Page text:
Yvette Cooper attacks net migration focus

The Labour Party has warned that the government’s drive to reduce net migration is choking off the flow of “legitimate university students” while ignoring abuse of the visitor visa route used by English language students.

March 7, 2013

Yvette Cooper, the shadow home secretary, sketched out Labour’s approach to international student visas during a major speech on immigration policy today.

Ms Cooper criticised the government’s target to reduce net migration, but offered no concrete detail of how Labour would implement its own action to address immigration. As a result, there was no firm plan outlined on international university students.

She gave no comment on the recommendation from five Parliamentary committees that the government withdraw overseas students from the net migrant target, a recommendation rejected by the government.

Ms Cooper said in the speech, delivered at the Institute for Public Policy Research in London, that she had heard immigration concerns from “people who have seen rapid change in their communities” and are “worried they don’t know their neighbours any more”. But she had also heard from “people worried about jobs being lost at the local university because fewer international students have come”.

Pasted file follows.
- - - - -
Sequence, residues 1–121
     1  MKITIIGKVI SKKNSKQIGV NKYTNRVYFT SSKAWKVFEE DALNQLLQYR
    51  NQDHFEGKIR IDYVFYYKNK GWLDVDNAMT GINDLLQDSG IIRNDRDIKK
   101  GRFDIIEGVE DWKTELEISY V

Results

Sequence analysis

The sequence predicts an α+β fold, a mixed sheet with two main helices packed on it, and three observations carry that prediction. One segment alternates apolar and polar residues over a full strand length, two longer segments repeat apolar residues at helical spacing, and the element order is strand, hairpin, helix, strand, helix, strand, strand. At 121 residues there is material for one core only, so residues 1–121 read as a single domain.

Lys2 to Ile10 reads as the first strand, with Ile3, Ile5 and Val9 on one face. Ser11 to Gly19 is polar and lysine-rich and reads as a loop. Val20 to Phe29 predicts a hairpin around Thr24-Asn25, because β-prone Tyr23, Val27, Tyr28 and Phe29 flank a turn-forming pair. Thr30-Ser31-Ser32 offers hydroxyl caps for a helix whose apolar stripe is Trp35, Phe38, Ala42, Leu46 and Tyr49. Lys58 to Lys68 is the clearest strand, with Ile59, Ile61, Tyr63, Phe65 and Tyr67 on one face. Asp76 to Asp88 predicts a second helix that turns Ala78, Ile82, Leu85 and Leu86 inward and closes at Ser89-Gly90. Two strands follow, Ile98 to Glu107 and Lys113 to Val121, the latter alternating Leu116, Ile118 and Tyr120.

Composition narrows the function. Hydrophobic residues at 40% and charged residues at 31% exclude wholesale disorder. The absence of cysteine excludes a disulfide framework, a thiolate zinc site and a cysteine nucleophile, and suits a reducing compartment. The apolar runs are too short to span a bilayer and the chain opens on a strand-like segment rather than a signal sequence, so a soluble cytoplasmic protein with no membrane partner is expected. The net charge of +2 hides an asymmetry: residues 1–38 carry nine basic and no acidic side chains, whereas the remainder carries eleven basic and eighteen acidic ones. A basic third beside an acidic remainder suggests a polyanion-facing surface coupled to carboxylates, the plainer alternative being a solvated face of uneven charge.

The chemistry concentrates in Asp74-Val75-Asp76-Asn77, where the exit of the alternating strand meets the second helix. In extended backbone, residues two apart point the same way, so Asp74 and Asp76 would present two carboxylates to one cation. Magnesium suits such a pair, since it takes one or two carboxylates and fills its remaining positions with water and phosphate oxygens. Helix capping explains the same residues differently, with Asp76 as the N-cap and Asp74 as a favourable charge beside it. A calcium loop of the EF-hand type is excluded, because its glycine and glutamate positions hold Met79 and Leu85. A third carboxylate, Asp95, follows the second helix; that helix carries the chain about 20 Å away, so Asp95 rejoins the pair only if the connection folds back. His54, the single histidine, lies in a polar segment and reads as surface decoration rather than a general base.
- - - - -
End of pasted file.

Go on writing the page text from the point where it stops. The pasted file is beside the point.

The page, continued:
On the net migrant target, Ms Cooper said the government’s “overall approach to targets is too simplistic – and changes are needed”.

She highlighted the fact that the target does not solely look at immigration, as it includes the outflow of British citizens, which makes up “two thirds of the drop in net migration”. “And it seems a large proportion of the rest is students,” she added. “Yet foreign students bring in investment and jobs to our country – a total of £8bn a year.”

But Ms Cooper pointed out that anything outside the net migration measure was “being ignored – even if it causes serious problems”.

“For example legitimate university students are included in the target even though they bring billions [of pounds] into Britain – and those are being squeezed,” she said.

“Yet student visitor visas aren’t included – and growing abuse in that category is being ignored.”

Ms Cooper said ministers “should be working with universities and local councils to make sure we can sustain more high-skilled graduate students from fast growing economies like China and Brazil”. But she added that “stronger checks are needed on shorter-term student visitor visas” which she said were up by 30,000 a year since the election in 2010.

Student visitors are allowed to come to the UK for six months (or 11 months if they will be studying an English language course).


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